American consumers are tapping the brakes on spending as the Federal Reserve’s interest rate increases reverberate throughout the economy, according to the CEOs of two of the largest American banks.
After two years of pandemic-fueled, double-digit growth in Bank of America card volume, “the rate of growth is slowing,” CEO Brian Moynihan said Tuesday at a financial conference. While retail payments surged 11% so far this year to nearly $4 trillion, that increase obscures a slowdown that began in recent weeks: November spending rose just 5%, he said.
The bank leaders, with their bird’s eye view of the U.S. economy, are providing evidence that the Fed’s campaign to subdue inflation by raising borrowing costs is beginning to impact consumer behavior. Fortified by pandemic stimulus checks, wage gains and low unemployment, American consumers have supported the economy, but that appears to be changing. That will have implications for corporate profits as businesses navigate 2023.
“There is a slowdown happening, there’s no question about it,” Scharf said. “We are expecting a fairly weak economy throughout the entire year, and hopeful that it’ll be somewhat mild relative to what it could possibly be.”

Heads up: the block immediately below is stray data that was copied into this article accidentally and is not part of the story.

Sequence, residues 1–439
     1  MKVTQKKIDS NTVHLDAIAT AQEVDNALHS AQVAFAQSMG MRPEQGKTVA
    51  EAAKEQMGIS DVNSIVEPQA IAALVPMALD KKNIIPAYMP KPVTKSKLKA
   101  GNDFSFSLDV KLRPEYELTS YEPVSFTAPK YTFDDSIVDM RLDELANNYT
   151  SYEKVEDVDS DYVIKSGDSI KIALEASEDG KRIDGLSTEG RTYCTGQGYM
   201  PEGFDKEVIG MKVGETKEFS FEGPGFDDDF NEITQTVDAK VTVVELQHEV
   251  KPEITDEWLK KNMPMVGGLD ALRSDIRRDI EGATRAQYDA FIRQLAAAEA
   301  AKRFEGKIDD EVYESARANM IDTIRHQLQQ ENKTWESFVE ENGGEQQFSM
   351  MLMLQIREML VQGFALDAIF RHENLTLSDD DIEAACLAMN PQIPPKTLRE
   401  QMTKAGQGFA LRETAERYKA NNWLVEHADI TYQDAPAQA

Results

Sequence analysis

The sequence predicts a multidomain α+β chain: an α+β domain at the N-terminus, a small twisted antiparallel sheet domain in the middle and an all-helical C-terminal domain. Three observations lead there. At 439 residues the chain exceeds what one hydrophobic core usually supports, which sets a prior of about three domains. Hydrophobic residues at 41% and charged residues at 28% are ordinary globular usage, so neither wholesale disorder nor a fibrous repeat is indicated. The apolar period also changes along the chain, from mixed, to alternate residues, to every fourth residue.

Both CEOs said they expect a recession in 2023. Bank of America’s Moynihan said he expects three quarters of negative growth next year followed by a slight uptick in the fourth quarter.
But, in a divergence that has implications for the coming months, the downturn isn’t being felt equally across retail customers and businesses so far, according to the Wells Fargo CEO.
“We have seen certainly more stress on the lower-end consumer than on the upper end,” Scharf said. In terms of the companies served by Wells Fargo, “there are some that are doing quite well and there’s some that are struggling.”
Airlines, cruise providers and other experience or entertainment-based industries are faring better than those involved in durable goods, he said. That sentiment was echoed by Moynihan, who cited strong travel spending.
“People bought a lot of goods, exercised a lot of the freedom they had in discretionary spend over the last couple of years, and those purchases are slowing,” Scharf said. “You’re seeing significant shifts to things like travel and restaurants and entertainment and some of the things that people want to do.”
The slowdown is the “intended outcome” that’s desired by the Fed as it seeks to tame inflation, Moynihan noted.
But the central bank has a tricky balancing act to pull off: raising rates enough to slow the economy, while hopefully avoiding a harsh downturn. Many market forecasters expect the Fed’s benchmark rate to hit about 5% next year, though some think higher rates will be needed.
“You’re starting to see that [slowdown] take hold,” Moynihan said. “The real question will be how soon they have to stabilize that in order to avoid more damage; that’s the question that’s on the table.”